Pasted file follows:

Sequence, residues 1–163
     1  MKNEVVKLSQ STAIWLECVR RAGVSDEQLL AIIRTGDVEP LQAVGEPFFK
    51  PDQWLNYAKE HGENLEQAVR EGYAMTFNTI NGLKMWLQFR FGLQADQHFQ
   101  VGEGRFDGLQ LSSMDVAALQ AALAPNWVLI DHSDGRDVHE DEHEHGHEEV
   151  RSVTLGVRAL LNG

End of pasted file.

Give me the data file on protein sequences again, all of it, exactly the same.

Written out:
Sequence, residues 1–163
     1  MKNEVVKLSQ STAIWLECVR RAGVSDEQLL AIIRTGDVEP LQAVGEPFFK
    51  PDQWLNYAKE HGENLEQAVR EGYAMTFNTI NGLKMWLQFR FGLQADQHFQ
   101  VGEGRFDGLQ LSSMDVAALQ AALAPNWVLI DHSDGRDVHE DEHEHGHEEV
   151  RSVTLGVRAL LNG